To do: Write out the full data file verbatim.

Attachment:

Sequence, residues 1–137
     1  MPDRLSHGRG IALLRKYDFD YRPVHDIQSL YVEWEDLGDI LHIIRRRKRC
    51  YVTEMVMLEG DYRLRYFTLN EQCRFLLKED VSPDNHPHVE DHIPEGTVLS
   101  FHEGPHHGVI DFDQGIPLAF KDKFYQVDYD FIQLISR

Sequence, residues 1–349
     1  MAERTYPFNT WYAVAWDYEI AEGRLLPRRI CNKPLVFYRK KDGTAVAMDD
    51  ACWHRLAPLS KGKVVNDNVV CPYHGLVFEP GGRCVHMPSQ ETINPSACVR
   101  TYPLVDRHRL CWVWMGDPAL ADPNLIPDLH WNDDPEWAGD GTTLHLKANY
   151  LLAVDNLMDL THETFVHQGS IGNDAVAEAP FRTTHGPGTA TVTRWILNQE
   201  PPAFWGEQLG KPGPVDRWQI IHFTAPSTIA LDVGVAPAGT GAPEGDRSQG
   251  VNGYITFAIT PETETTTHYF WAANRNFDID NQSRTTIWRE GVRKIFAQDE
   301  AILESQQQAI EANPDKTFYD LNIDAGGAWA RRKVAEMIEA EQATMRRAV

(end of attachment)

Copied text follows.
Sequence, residues 1–137
     1  MPDRLSHGRG IALLRKYDFD YRPVHDIQSL YVEWEDLGDI LHIIRRRKRC
    51  YVTEMVMLEG DYRLRYFTLN EQCRFLLKED VSPDNHPHVE DHIPEGTVLS
   101  FHEGPHHGVI DFDQGIPLAF KDKFYQVDYD FIQLISR

Sequence, residues 1–349
     1  MAERTYPFNT WYAVAWDYEI AEGRLLPRRI CNKPLVFYRK KDGTAVAMDD
    51  ACWHRLAPLS KGKVVNDNVV CPYHGLVFEP GGRCVHMPSQ ETINPSACVR
   101  TYPLVDRHRL CWVWMGDPAL ADPNLIPDLH WNDDPEWAGD GTTLHLKANY
   151  LLAVDNLMDL THETFVHQGS IGNDAVAEAP FRTTHGPGTA TVTRWILNQE
   201  PPAFWGEQLG KPGPVDRWQI IHFTAPSTIA LDVGVAPAGT GAPEGDRSQG
   251  VNGYITFAIT PETETTTHYF WAANRNFDID NQSRTTIWRE GVRKIFAQDE
   301  AILESQQQAI EANPDKTFYD LNIDAGGAWA RRKVAEMIEA EQATMRRAV